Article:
Summary of the final report of the SIMONE research project (IGF Project 20928 N)
“Characterization methods for determining the sintering properties of printed micro- and nanoparticle-containing inks and their influence on the homogeneity of conductivity and reliability”
Due to the increasingly diversified requirement profile for circuit carriers in a variety of applications (automotive, antennas, IoT, etc.) and the conventional, sometimes limiting, photolithographic manufacturing, additive manufacturing processes are of particular interest to medium-sized companies due to their high degree of flexibility and innovation possibilities. In this context, conductive structures on circuit carriers are of particular importance. These are created by means of aerosol, piezo or dispensing processes of pastes or inks containing micro and nanoparticles. After application, another process step must follow, sintering. This process is intended to ensure that water or solvent components are removed and the particles contained are compacted so that a continuous conductive structure results. However, there is an effect that has been little researched up to now, known as skinning. Due to a too high energy input, this only leads to the sintering of the surface, which causes an inhomogeneous inner structure and thus leads to different conductivities within it. The fundamental challenge is to characterize this inhomogeneous structure in a meaningful way. The characterization method to be developed should play the key role in this investigation and thus advance the technical and economic optimization of sintering processes. This should make an important contribution to improving the competitiveness of printed electronics, to exploiting the geometric degrees of freedom of additive manufacturing processes and thus to developing new products.
The project involved the following work steps:
- Production of suitable test structures with different material and sintering parameters.
- Development of a new electrical test procedure.
- Testing of the newly developed characterization method:
- Investigation of the interactions between conductivity profile and mechanical properties.
Microstrip lines were printed as samples on substrate material TSM-30 from Taconic, with the exact geometry previously determined for a line characteristic impedance of 50 Ω. Conductivity analysis took place using four-point measurement.
A measurement setup for high-frequency measurements was then constructed in order to be able to infer the conductivity from the measured losses and thus supplement the four-point measurement of conductivity by means of coated glass slides, which is common practice among ink manufacturers, with a further method.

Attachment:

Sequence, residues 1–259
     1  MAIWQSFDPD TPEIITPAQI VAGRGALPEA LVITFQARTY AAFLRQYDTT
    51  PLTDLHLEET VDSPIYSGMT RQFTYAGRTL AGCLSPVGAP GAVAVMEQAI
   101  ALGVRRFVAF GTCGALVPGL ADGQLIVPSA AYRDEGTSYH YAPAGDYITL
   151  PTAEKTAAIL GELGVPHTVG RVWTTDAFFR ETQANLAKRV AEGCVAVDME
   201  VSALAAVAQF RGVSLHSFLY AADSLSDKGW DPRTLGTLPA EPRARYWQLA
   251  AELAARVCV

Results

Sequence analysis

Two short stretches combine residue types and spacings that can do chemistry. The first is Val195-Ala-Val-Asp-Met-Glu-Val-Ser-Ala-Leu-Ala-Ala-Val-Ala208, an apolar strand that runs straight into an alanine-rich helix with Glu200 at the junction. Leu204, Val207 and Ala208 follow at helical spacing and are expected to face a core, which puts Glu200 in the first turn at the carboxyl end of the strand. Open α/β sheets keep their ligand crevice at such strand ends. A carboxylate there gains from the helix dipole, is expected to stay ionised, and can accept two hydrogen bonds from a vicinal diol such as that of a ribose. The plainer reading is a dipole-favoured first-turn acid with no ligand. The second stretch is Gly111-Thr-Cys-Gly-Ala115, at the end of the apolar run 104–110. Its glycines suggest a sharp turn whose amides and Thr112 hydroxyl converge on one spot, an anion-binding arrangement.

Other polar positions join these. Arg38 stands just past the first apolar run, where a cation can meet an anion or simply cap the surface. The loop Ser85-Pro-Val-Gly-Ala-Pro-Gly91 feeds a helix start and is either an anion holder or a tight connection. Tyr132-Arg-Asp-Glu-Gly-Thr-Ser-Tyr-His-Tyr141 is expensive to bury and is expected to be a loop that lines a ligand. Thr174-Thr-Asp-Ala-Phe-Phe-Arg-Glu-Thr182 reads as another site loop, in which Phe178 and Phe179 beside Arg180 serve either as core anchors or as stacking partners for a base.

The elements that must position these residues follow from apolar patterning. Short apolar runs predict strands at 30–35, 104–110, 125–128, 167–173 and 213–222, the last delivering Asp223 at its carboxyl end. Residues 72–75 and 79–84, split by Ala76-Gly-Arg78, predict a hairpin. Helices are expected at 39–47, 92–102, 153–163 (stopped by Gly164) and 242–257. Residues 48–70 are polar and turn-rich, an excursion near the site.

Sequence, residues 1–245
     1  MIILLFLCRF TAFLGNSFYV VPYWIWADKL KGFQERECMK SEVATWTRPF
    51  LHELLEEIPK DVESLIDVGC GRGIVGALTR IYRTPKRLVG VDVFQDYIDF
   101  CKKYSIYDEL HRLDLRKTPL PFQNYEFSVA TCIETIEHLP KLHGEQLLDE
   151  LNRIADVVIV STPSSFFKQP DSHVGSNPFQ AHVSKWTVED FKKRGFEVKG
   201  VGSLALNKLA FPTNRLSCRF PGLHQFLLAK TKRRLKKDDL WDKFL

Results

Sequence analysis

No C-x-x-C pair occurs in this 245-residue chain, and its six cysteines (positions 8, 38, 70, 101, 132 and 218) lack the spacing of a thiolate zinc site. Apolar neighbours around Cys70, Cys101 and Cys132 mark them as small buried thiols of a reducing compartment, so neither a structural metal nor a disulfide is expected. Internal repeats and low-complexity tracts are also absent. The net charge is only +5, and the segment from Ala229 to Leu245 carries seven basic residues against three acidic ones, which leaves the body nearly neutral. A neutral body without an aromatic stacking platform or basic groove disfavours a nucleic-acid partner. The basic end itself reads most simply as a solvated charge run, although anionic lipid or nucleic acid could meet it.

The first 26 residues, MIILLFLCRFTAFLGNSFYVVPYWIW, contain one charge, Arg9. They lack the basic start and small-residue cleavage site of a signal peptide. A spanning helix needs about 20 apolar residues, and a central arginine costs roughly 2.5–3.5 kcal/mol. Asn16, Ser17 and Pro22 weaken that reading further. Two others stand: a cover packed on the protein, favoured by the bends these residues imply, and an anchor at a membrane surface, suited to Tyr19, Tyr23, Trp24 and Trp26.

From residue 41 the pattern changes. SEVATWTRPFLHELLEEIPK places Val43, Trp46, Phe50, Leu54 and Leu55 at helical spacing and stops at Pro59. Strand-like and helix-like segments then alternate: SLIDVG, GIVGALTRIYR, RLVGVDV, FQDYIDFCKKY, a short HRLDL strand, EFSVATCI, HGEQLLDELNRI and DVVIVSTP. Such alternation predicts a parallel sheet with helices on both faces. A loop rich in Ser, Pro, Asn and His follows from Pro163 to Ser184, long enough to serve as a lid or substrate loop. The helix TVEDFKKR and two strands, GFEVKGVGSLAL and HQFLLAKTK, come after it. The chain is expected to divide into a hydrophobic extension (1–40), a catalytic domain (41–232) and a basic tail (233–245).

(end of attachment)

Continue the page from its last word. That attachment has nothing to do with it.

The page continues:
The printed circuit board material was measured before and after heat treatment (60 min at 200°C) in a convection oven using a network analyzer. The test setup was adjusted after the initial results to cause a jump in conductivity that should be visible in the measurement. In addition, the trace lengths were adjusted to 15 mm and 200 mm. The ground planes (bottom side) of the microstrip line were printed with silver paste and sintered at 150°C for 10 min. Thus, at low frequencies, the EM field should penetrate the entire cross-section, i.e. the highly conductive copper layer of the PCB and the significantly less conductive sintered silver layer, whereas at high frequencies the penetration depth is so low that only the copper layer is decisive. A model was developed from the measurements, which was transferred to a simulation. The initially large differences could be adjusted consecutively with a deeper understanding.
For the final test samples, only PG-007 ink from PARU was printed on polyimide film by an aerosol jet process and sintered mainly using a convection oven. The PulseForge 1300 xenon flash light was used as a subsequent sintering of a previously already sintered sample.
The tests with the PulseForge xenon flash light resulted in a significant improvement in the conductivity of the samples previously dried only for 10 min at 80°C, even to such an extent that they achieved better conductivity than the samples sintered only once at 200°C.